New Mexico governor tells Mayorkas she has 'serious concerns' about migrant influx

New Mexico wildfires have taxed state resources

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New Mexico Gov. Michelle Lujan Grisham said she penned a letter on Tuesday to Homeland Security Secretary Alejandro Mayorkas, requesting that the federal government delay any planned or expanded efforts to transport migrants to her state. 

In a press release, the Democratic governor said that move would "dramatically affect the state’s capacity to provide ongoing humanitarian assistance to wildfire relief efforts," should pandemic-related restrictions on asylum seekers be lifted.

Lujan Grisham said that wildfires had "severely taxed" state resources

"Accordingly, I cannot allow communities in the state of New Mexico to shoulder additional burdens falling squarely within the federal government’s purview. To that end, I am respectfully requesting that the Department of Homeland Security ("Department") delay any planned or expanded efforts to transport migrants to locations within the United States," she wrote. 

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The state's leader said that, while she understands the difficulty in managing the flow of migrants at the southern border "in the absence of comprehensive immigration reforms," she has "serious concerns regarding the Department’s readiness to address the influx of individuals who are poised to enter New Mexico if further preparation is not undertaken."

President Biden, left, takes a tour with Mark Chappell, an operations manager with the New Mexico Department of Homeland Security & Emergency Management, at the New Mexico State Emergency Operations Center, Saturday, June 11, 2022, in Santa Fe, N.M. 

President Biden, left, takes a tour with Mark Chappell, an operations manager with the New Mexico Department of Homeland Security & Emergency Management, at the New Mexico State Emergency Operations Center, Saturday, June 11, 2022, in Santa Fe, N.M.  (AP Photo/Evan Vucci)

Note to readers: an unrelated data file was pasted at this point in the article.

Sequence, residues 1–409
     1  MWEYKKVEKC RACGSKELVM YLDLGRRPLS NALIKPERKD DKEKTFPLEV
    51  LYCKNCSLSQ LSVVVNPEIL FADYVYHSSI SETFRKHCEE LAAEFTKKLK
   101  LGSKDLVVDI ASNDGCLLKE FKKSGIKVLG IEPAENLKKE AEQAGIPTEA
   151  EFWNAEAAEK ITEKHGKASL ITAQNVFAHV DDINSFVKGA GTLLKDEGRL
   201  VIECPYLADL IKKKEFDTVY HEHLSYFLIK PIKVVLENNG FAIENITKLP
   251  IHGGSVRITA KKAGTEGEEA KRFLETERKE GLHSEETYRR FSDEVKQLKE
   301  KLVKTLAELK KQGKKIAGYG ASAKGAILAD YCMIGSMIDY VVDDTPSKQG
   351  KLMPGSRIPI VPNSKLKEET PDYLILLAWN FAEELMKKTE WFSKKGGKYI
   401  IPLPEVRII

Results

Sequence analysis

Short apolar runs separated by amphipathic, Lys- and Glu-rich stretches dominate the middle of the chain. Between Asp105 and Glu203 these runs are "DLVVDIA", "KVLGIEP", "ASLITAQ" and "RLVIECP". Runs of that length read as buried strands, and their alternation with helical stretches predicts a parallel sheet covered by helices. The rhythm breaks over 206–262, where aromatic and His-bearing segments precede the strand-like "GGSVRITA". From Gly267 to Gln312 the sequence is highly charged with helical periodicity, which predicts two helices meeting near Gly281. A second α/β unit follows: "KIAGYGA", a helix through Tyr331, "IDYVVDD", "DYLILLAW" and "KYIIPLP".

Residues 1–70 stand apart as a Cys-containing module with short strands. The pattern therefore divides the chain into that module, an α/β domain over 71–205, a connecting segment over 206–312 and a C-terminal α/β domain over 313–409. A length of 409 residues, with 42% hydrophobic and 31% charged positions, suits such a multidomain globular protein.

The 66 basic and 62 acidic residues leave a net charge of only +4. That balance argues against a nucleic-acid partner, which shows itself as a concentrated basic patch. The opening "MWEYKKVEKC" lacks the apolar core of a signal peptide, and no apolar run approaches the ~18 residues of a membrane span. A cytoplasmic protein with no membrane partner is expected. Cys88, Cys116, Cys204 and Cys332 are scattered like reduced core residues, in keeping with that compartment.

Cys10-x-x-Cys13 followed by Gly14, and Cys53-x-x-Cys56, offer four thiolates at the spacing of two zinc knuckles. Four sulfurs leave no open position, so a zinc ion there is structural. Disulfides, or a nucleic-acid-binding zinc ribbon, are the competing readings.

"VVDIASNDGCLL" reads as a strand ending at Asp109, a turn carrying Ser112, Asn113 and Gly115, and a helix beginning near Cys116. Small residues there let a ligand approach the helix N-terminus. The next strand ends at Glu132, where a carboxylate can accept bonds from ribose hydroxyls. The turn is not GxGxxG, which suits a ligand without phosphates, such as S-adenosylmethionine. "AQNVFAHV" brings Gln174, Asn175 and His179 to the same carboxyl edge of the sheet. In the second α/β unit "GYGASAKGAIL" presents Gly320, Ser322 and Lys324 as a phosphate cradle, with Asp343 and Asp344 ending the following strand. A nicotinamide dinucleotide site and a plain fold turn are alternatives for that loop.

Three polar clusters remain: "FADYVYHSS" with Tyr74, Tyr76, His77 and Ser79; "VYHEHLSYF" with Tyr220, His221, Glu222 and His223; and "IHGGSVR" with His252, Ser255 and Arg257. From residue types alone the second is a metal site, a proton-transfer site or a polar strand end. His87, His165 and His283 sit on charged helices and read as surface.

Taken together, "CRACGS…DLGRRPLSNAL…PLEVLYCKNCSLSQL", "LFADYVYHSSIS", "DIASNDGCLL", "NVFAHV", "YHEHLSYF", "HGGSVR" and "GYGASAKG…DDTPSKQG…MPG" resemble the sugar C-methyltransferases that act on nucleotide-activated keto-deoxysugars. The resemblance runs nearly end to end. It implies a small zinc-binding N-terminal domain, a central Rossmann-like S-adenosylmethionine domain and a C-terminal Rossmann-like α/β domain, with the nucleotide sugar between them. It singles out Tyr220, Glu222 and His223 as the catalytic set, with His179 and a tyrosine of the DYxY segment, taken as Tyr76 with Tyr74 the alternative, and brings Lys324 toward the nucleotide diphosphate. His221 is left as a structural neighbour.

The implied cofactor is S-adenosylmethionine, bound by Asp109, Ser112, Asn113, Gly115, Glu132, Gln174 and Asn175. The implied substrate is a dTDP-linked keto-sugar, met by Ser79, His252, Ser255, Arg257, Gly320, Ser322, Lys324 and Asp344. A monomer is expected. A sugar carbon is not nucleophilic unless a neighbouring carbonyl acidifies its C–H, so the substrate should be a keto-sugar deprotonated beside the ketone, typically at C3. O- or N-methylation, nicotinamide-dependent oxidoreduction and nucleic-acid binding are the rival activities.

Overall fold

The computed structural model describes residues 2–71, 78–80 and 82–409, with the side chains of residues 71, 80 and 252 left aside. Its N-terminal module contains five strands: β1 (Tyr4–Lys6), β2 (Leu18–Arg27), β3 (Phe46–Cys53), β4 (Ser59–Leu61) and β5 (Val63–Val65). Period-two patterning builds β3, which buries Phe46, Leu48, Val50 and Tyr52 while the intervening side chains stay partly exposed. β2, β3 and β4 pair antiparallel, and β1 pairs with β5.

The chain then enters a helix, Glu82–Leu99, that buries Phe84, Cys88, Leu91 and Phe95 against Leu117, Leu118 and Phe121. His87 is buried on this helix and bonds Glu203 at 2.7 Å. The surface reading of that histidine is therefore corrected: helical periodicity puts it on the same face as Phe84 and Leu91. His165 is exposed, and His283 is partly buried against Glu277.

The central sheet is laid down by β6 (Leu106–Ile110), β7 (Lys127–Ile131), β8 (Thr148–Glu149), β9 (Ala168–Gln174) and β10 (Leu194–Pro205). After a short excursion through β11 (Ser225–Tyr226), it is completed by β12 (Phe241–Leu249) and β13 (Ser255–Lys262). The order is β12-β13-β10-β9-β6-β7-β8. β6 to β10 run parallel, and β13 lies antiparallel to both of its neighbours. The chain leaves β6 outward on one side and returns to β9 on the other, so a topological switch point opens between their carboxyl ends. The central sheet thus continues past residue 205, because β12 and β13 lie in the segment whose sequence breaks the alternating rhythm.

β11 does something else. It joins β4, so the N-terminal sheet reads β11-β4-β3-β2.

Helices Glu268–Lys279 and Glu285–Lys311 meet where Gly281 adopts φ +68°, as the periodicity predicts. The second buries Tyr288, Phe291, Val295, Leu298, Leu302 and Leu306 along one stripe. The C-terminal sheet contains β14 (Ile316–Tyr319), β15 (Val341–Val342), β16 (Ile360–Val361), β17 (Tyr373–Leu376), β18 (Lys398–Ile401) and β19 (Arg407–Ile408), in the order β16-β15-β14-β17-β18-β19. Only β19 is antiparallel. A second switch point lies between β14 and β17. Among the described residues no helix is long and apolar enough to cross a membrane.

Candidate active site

"Public safety and health are paramount, and I do not believe that the Department can adequately address these health and safety concerns if existing limitations on migrant entry are lifted," she noted. 

Furthermore, the governor said New Mexico and other border states would bear the brunt of adverse economic and social impacts likely to arise from the influx of migrants without additional planning by the federal government. 

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"I cannot allow this. Until the matters can be satisfactorily addressed, I cannot support the transport of migrants to New Mexico, which will burden New Mexico government, communities and citizens," she added. 

Lujan Grisham said she appreciated assurance from Mayorkas that New Mexico’s resources would not be expended to address immigration policy. 

FILE PHOTO: The Hermits Peak and Calf Canyon wildfire burns near Las Vegas, New Mexico, U.S. May 4, 2022. 

FILE PHOTO: The Hermits Peak and Calf Canyon wildfire burns near Las Vegas, New Mexico, U.S. May 4, 2022.  (REUTERS/Kevin Mohatt/File Photo)

The letter follows a meeting with Mayorkas last month and President Biden's trip to New Mexico last week. 

The president announced that the government would cover 100% of the costs for emergency protective work and debris removal under New Mexico’s existing wildfire disaster declaration.

New Mexico Gov. Michelle Lujan Grisham, left, greets President Biden at Kirtland Air Force Base during a trip to meet with state and local officials on the New Mexico wildfires, Saturday, June 11, 2022, in Albuquerque, N.M. 

New Mexico Gov. Michelle Lujan Grisham, left, greets President Biden at Kirtland Air Force Base during a trip to meet with state and local officials on the New Mexico wildfires, Saturday, June 11, 2022, in Albuquerque, N.M.  (AP Photo/Evan Vucci)

New Mexico's largest wildfire in history was the result of planned burns by the government. 

A federal judge blocked the Biden administration's plan to lift the migrant restrictions last month, ordering that they stay in place while a lawsuit led by Arizona and Louisiana plays out.

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The Department of Homeland Security did not immediately respond to Fox News' request for comment.

The Associated Press contributed to this report.